“It’s incorrect to frame it as some kind of mastermind pulling the strings,” Kelly said. “The #savethechildren evolution wasn’t a coordinated effort to hide QAnon’s agenda, but it had the effect of drawing in people to QAnon without realizing it’s QAnon.”

To some extent, this growing population of people concerned about child trafficking has translated into a genuine support for organizations that work to end it. I spoke to representatives from six anti-trafficking groups and four told me they have seen a recent increase in donations. Freedom Network USA, for example, received 102 donations totalling $23,200 from April to September this year, more than 50 times the amount it received in the same period last year, when it got five donations totalling $428. Other organizations declined to give specific figures but said they had seen an increase in donations this year, particularly over the summer.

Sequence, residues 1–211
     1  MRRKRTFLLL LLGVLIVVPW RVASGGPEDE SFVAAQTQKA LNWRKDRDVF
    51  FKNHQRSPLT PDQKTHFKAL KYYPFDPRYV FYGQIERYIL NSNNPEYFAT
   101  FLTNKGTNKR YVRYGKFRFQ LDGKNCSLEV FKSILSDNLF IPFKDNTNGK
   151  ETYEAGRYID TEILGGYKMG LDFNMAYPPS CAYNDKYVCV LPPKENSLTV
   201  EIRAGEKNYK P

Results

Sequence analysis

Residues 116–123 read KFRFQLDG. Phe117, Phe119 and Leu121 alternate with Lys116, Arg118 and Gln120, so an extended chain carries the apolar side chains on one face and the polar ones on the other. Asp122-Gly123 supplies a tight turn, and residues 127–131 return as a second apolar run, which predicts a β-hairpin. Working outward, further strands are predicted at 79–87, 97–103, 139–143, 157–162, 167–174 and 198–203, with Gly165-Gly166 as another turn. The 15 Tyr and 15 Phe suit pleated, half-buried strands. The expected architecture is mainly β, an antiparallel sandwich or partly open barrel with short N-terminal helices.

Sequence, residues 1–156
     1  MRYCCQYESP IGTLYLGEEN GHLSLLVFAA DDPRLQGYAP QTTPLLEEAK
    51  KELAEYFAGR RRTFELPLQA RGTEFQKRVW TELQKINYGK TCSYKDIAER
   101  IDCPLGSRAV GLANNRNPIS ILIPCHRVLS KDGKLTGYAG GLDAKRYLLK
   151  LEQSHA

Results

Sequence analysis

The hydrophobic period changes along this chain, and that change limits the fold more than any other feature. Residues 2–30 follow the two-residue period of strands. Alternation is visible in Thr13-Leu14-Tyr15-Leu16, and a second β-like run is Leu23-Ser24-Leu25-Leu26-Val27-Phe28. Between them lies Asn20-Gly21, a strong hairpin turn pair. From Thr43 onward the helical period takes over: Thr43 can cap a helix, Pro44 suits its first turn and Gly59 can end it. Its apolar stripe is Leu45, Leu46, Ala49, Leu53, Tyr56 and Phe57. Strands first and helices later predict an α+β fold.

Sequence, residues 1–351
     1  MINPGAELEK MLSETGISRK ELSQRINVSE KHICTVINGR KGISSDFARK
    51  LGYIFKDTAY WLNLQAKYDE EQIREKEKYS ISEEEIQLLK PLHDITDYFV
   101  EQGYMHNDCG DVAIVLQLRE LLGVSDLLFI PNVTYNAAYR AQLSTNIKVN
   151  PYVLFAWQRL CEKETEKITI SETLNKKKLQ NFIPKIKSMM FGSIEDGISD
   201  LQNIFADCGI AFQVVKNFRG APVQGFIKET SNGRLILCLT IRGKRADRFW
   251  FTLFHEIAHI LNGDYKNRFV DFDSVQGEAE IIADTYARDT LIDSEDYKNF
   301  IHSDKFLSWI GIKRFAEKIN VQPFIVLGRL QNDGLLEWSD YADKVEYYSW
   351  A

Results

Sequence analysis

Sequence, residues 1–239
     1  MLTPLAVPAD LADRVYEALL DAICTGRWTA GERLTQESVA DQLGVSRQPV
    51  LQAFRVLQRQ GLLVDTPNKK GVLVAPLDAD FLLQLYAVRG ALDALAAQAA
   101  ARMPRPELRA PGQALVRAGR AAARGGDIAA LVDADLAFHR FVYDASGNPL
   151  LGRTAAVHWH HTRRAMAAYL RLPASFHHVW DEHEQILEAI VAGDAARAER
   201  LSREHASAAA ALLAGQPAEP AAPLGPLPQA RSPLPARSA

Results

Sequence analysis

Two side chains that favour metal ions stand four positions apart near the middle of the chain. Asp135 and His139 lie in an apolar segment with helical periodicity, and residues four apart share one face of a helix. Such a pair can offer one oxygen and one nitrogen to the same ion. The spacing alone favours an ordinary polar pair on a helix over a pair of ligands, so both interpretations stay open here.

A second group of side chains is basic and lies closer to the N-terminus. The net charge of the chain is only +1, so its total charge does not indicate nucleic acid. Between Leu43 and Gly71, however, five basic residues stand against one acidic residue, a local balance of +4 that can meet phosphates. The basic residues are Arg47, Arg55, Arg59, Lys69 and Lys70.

That said, it’s really hard to say for sure how many, if any, of those donations were from Q followers. “Nobody was sending in donations with a note saying ‘In Q we trust,’ you know?” Goldblatt Grace said. And the increased attention has come with plenty of drawbacks. Polaris, the charity that operates the National Human Trafficking Hotline, had to issue a statement discouraging people from reporting that children were not being sold inside expensive cabinets online because callers were flooding its phones with a Q-adjacent conspiracy.

The inundated hotline is one example of a problem each of the anti-trafficking representatives I spoke to raised: Even if QAnon is bringing people’s attention to child trafficking in general, it’s focusing that attention specifically on a sensationalized, largely inaccurate picture of what trafficking looks like. And that can pull focus and resources away from the actual problem.